Friday, July 20, 2012

A French Chateau on the New England Coast

Wrapping up my series on Newport's Gilded Age architecture, I'll finish with my favorite, The Elms. Designed by Horace Trumbauer, another prominent late-19th century architect, The Elms was modeled after the mid-18th century French Chateau d'Asnieres outside of Paris.


Built for coal baron Edward Julius Berwind, the building was completed in 1901 and replaced an earlier house on the property that was considerably more modest.





Mr. Berwind was interested in modern technology, and The Elms was one of the first homes in America to be wired for electricity with no form of backup system. It was a very sophisticated house for the time.


What makes it stand out among the rest is the André Le Nôtre inspired garden. The Elms is unique among Newport's historic houses in that the landscaping is as grand as the house. Trumbauer worked closely with Charles Miller and Ernest Bowditch who created the gardens.


From the back of the house a series of terraces leads to a large expanse of lawn dotted with a variety of Newport's famous beech and elm trees.






Below another terrace at the far end of the lawn are two pavilions overlooking a formal sunken garden.






Like all the great houses of the era, the property included a stables and carriage house. Those at The Elms are particularly beautiful and in the same style as the house whereas at other properties the stables might be more simply constructed.


For a photographic overview of some of Trumbauer's other work pick up a copy of American Splendor: the Residential Architecture of Horace Trumbauer.

For information about other historic houses in Newport visit The Preservation Society of Newport County.

11 comments:

  1. Hey Phyllis - More gorgeous photos! The garden ornaments, urns, and statuary are incredible. I love that treillage....beautiful backdrop. And the pavilions anchoring the sunken garden are so stately. Thanks for the 3 part series on Newport. I've enjoyed it very much :-)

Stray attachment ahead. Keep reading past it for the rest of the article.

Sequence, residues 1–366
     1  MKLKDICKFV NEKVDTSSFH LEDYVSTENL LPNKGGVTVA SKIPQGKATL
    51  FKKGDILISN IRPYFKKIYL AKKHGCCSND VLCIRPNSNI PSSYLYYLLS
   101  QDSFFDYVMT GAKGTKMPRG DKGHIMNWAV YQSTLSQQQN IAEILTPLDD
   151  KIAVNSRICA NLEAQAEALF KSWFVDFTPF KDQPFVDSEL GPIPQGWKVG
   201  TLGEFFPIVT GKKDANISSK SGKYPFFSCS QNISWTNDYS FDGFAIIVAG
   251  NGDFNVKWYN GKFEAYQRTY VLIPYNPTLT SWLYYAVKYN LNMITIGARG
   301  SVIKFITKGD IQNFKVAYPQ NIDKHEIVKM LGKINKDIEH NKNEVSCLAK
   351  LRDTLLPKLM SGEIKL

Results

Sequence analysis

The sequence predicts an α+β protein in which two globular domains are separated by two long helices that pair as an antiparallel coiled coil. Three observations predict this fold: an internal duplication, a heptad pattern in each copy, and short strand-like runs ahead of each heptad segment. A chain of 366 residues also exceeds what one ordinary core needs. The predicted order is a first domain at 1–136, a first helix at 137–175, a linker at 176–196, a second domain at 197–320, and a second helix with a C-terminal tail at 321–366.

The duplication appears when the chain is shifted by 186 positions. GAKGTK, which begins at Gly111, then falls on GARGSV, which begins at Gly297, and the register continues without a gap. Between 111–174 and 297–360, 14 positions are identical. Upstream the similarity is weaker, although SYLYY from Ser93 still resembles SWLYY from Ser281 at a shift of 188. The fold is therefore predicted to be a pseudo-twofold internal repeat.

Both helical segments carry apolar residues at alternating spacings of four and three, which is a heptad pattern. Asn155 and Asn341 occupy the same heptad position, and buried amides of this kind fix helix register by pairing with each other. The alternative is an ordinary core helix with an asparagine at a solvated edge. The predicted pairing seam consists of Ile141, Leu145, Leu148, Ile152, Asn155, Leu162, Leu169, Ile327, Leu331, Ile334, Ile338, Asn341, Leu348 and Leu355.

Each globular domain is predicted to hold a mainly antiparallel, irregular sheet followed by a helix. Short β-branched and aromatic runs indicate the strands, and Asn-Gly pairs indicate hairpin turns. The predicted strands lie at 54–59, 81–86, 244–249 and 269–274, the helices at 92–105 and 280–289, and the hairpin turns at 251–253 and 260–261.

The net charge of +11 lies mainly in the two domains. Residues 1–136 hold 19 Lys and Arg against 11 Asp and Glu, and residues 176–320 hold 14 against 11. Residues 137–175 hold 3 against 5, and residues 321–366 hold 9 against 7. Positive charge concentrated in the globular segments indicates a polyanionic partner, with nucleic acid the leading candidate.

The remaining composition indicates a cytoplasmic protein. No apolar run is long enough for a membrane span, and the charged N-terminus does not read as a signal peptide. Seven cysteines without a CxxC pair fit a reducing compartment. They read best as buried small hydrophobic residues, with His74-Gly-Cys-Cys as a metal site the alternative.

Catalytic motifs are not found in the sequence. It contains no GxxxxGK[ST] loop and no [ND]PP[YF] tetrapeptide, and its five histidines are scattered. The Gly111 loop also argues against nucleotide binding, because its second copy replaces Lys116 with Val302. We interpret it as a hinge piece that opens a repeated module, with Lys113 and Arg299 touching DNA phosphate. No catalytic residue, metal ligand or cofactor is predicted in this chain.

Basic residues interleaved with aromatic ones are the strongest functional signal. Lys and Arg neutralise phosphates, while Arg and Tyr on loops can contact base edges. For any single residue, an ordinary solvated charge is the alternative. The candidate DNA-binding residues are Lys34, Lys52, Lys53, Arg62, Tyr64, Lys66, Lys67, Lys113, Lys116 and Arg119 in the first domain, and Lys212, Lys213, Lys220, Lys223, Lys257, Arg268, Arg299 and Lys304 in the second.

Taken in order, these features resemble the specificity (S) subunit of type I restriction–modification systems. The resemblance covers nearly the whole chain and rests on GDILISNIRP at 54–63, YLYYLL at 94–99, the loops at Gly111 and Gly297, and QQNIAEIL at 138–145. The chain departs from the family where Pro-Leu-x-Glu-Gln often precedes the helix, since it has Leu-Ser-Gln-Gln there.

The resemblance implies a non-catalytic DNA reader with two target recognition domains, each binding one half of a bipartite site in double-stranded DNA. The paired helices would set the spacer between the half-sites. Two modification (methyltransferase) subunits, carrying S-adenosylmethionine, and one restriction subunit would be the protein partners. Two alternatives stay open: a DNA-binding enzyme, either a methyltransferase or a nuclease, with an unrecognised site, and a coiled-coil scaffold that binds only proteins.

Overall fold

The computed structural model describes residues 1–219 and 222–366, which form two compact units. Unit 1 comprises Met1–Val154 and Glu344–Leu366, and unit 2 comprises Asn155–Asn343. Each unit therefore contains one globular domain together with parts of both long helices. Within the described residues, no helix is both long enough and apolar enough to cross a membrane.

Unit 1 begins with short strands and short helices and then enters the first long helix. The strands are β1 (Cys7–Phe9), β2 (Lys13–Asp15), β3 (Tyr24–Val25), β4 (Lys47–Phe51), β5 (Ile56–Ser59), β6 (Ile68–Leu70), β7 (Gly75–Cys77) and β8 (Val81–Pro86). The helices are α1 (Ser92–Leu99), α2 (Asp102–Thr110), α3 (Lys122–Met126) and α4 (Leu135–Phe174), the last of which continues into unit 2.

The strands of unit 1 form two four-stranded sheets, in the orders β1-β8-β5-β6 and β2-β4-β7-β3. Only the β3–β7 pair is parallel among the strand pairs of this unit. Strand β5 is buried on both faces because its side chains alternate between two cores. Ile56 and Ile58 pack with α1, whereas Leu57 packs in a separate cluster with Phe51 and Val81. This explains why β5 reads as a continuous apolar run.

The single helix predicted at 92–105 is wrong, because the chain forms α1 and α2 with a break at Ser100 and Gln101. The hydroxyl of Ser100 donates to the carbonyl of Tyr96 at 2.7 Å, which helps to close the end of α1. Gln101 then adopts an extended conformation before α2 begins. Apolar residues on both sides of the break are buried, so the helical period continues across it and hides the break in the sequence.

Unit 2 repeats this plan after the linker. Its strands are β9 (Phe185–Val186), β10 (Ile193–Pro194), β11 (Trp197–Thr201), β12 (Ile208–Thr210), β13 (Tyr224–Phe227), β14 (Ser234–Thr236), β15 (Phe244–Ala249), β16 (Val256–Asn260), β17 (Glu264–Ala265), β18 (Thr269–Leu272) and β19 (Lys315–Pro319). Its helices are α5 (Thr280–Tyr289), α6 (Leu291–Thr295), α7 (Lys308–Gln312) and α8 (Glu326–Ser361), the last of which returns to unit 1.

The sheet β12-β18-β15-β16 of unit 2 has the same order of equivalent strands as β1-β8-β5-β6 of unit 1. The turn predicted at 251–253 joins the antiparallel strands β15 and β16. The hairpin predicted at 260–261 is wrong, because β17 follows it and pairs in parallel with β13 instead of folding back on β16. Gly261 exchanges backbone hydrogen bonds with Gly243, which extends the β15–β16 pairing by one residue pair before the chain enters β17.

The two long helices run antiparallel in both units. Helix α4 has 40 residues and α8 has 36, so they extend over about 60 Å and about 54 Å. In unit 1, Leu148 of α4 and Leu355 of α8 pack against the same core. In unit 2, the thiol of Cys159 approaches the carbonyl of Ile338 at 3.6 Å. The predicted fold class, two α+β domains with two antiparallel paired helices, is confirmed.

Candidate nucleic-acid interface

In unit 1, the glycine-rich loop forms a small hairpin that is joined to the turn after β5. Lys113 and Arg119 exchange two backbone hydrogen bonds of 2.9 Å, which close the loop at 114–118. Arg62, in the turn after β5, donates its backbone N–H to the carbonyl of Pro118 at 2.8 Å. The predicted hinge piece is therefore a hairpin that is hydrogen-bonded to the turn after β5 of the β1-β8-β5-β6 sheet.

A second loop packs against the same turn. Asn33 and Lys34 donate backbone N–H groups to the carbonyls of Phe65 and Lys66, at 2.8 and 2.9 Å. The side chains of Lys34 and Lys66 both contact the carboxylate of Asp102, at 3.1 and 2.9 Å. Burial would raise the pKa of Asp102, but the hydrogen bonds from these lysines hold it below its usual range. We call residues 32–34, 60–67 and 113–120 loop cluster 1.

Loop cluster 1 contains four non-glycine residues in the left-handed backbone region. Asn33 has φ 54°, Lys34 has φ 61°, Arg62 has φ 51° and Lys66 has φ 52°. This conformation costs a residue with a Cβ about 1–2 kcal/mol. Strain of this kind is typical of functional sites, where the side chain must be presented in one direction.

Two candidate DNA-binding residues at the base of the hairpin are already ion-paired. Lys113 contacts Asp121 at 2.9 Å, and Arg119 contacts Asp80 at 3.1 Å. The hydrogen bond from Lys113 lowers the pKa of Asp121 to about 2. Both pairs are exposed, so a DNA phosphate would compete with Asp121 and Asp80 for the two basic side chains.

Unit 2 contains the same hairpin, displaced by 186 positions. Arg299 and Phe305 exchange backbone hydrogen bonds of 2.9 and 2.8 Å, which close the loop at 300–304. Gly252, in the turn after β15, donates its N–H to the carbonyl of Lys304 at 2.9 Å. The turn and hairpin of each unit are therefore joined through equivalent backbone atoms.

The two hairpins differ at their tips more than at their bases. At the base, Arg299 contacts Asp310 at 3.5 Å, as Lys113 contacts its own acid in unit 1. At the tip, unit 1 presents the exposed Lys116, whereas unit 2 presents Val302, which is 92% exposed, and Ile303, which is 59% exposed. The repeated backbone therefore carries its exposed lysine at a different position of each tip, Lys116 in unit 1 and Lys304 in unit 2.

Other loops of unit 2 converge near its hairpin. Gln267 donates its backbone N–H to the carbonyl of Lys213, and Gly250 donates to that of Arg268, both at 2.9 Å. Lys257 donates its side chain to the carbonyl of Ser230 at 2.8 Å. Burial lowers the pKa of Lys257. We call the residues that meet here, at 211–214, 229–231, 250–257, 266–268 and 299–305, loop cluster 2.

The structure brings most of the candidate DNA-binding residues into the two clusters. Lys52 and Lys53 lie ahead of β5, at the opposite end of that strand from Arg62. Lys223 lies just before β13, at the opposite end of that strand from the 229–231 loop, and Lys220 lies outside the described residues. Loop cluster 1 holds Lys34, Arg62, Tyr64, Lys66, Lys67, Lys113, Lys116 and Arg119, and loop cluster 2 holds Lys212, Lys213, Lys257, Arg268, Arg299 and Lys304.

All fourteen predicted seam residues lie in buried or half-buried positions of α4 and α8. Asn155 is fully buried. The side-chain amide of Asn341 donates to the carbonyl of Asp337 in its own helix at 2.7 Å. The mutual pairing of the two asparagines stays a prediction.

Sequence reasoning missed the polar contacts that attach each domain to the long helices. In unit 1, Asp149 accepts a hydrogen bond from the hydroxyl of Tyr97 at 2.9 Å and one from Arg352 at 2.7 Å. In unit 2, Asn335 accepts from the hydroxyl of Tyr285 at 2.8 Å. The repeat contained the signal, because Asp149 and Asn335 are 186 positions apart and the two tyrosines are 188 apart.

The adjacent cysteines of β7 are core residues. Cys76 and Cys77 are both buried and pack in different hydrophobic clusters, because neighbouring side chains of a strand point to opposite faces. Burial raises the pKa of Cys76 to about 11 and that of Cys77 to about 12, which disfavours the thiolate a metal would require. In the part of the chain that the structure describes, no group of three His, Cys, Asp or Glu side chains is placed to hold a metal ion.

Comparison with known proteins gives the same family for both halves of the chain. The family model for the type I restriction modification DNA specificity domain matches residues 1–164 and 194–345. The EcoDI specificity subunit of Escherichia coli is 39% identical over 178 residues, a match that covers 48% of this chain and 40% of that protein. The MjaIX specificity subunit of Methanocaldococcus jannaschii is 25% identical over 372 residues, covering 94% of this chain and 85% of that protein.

xo,
    Loi

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  2. Another wow! I would love to know how long it took to build this estate....Love the classic gardens, simply beautiful. Thanks for the tour, great pics!!! B

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  3. Beautiful mansion and really beautiful photos!

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  4. oh my, this is stunning and so authentic. i love that the statues framing the entrance are stone with a cherub on their back in copper (?), a perfect segue with the roof.
    i have been out of town, going back to see the other posts in this series, thank you phyllis!
    debra

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  5. How beautiful! The mind boggles at how much work must go into maintaining all those hedges and topiaries! x Sharon

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  6. Once again - another spectacular post!! It's hard for me to wrap my my around the fact these homes are in America! The structures/timeless gardens... sigh... wonderful post my dear!

    xx
    Des

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  7. I love love all of the amazing architecture, what a gift to be able to create like that!

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  8. Hi Phyllis, thank you for this incredible tour!! Your photos are beautiful and I love learning the history. Stunning! Adding it to my hope to visit list. Have a lovely week!
    Robin

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    1. Hi Robin, so glad you enjoyed the series and thanks for your nice comments! Have a great week, Phyllis

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  9. Phyllis, you truly do have such gorgeous posts! I really wish I could start reading all of my favorite blogs first thing in the morning! By the time I finally get to sit down I'm always about to collapse! I've decided that once I get sweet Miller moved to Auburn this fall I'm turning over a new leaf! I'm missing out on being able to truly study all of the beauty that you post! I can't even take this all in! It's truly incredible and i certainly appreciate the time it takes you to share all of this with us!

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  10. Wonderful and amazing places

    http://www.home2garden.co.uk/

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